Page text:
I thought I would spend this past 9/11 like I spend it every year: listening to Bruce Springsteen’s album The Rising and watching The West Wing’s Isaac and Ishmael episode.  I’ve written about Isaac and Ishmael before, as a jumping off point for the discussion of who exactly this other is, and whether they really hate us.  I wonder if Aaron Sorkin would still write Josh (and the episode in general) the same way now.  At the time, I think we all felt pretty damn good about hating the other, acknowledging that there are people in the world hate Americans because we’re free and awesome and they don’t want people in their world to be like us, especially if those people are women and Jews.  Mostly, I wonder this because Josh is largely considered a representative of Sorkin himself, and because at this stage in the game, most educated people know that suicide bombers of all stripes are suicidal first and foremost, and their method is often an afterthought, or the product of intense coercion.  Also, I believe most intelligent people know in their hearts that the rest of the world isn’t this absurd freedom vacuum that we’ve painted it to be, and that most people of the world, while often different from us in many ways, don’t generally hate us much, if at all.

Sorry, it just always seems necessary to counter some of the weird that is our version of 9/11 with…something else.

I did listen to the Rising the week before, which is very much about us and our lives and who we are now because of 9/11.  I also watched United 93 the night before, which I think every person who feels effected by 9/11 should watch.   It was really quite beautiful and showed me things I never knew.  Perhaps it was because I was so young, or because I felt so overwhelmingly claustrophobic because of the constant crush of coverage that I shut it all out, but United 93 did for 9/11 what this USA Today article did for Columbine.Nevertheless, I did something very different on the day itself.

Aunt Sue Jaffe's custom-made guitar cake

In the morning, I went to the Art of the Americas wing in the new MFA, which was oddly appropriate.  It still felt weird, though, as if we should all be sitting around being sad, continuing to absorb stories so sad they seem fake.  After taking my dad to the MFA, eating some lunch in the outdoor courtyard, and stalling in the parking lot, we drove home.  I was surprised that when he saw cars lining our two-house street, he assumed the neighbors were having a party.  When he saw little Mathew with a soda and a football walking up to our house, he may have been suspicious but fell for Matthew’s expert fib.  It wasn’t until he spied the canopy and saw his younger brother driving up our driveway that he laughed, looked truly amazed, asked me, “Really?!” and gave me a hug.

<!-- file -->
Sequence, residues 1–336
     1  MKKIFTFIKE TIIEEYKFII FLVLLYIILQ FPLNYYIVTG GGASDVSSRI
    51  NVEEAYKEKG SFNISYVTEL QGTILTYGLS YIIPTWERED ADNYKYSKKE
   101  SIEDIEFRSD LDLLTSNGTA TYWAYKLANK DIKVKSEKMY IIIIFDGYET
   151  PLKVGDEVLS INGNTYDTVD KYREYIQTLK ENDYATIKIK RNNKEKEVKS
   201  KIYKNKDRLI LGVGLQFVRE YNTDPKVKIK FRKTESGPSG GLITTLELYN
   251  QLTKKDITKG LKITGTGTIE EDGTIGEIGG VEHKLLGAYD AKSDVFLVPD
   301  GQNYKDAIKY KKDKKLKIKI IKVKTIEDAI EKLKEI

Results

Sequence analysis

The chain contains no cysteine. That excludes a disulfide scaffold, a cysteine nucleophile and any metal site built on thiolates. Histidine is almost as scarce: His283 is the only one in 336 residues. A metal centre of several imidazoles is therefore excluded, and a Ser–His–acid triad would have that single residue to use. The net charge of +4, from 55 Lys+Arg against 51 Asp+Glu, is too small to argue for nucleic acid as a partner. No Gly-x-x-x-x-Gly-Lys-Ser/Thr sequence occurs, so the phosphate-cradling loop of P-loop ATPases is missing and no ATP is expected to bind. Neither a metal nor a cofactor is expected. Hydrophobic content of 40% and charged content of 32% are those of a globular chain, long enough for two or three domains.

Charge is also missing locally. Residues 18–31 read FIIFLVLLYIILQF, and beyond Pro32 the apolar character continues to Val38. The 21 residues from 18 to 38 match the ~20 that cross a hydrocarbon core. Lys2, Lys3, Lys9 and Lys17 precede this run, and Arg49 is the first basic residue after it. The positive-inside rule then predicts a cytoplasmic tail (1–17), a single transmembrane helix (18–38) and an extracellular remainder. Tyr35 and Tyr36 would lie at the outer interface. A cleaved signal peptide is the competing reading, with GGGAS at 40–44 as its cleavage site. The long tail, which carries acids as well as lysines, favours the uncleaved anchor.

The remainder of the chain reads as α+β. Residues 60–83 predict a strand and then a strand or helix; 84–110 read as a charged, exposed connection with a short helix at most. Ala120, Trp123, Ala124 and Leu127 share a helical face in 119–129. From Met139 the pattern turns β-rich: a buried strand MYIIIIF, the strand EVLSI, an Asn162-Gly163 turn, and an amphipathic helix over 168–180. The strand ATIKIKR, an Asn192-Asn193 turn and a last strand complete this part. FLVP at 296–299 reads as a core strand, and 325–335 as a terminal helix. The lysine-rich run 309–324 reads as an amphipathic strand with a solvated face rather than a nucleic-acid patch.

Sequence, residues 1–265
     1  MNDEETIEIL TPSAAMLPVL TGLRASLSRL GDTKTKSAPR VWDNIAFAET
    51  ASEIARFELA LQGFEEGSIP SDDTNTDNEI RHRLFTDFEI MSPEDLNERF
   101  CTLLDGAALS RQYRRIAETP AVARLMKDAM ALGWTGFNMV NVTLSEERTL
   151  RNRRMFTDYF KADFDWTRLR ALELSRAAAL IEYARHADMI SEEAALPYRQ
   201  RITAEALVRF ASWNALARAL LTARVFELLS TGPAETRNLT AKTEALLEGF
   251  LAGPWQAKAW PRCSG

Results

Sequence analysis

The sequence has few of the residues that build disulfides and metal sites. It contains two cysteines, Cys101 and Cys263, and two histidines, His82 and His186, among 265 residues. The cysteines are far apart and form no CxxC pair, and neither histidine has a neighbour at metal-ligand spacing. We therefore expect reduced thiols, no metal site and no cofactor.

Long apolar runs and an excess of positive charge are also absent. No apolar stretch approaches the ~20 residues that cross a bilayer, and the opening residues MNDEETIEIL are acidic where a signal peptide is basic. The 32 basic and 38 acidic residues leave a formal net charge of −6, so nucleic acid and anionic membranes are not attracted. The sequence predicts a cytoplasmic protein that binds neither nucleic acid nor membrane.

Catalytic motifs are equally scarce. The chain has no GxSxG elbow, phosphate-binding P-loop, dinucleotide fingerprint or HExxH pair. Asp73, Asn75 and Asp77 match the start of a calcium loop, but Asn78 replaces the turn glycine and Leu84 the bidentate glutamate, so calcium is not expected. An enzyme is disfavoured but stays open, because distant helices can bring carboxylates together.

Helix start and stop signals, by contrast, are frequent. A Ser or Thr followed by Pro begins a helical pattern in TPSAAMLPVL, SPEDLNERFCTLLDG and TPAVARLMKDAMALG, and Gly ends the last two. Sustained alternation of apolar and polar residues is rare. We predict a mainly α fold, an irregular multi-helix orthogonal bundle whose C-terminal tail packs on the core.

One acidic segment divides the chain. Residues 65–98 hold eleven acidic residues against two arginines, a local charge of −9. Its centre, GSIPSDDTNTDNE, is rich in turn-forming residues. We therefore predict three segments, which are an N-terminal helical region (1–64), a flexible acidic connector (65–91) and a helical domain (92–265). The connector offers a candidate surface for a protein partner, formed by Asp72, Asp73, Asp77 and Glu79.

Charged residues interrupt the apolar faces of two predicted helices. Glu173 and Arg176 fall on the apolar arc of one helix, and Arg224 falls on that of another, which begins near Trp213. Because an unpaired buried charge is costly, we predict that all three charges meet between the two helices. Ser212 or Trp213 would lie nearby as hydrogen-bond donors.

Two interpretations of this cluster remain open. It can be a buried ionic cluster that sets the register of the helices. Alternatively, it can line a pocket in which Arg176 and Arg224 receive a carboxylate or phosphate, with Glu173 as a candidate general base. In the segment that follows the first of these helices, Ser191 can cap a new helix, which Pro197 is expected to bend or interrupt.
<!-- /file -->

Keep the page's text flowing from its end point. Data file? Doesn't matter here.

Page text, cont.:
photo courtesy of Warren Poor

We had pulled off a surprise birthday party for him, two weeks before his birthday and 24 hours before my departure for Greece for three months.  Friends he’s had since college were there, as well as most Harringtons and Murphys, and all of our neighbors.  Mexican food, sunshine, margaritas and a guitar-shaped cake made up my 10th anniversary of 9/11.  I didn’t know until that day that I would need them so much, that I would need to have something to do instead of crying in the car listening to the stories.

If the object of terrorism is to spread fear via indiscriminate acts of violence as a means of taking down a regime, than the very best way to combat terrorism is to remember without fear, discrimination or malice.  To honor those lost in a way that would make them proud, not way that would make them wonder what happened to us and to this country.  I think it is good to have something to do on that day, other than sitting around and speculating, crying in a paralyzed sort of way.  Some have turned this into a Day of Service, similar to MLK day, and that seems fitting.  I think it is healthy not to spend quite so much time talking about Osama bin Laden, regardless of whether the rhetoric is of the bravado, “git er done” variety or the self-righteous “killing is always bad,” type.  I think it makes us more whole when we turn off the weeks of 24 hour news coverage, and go outside to spend time with family and friends.

The Birthday Boy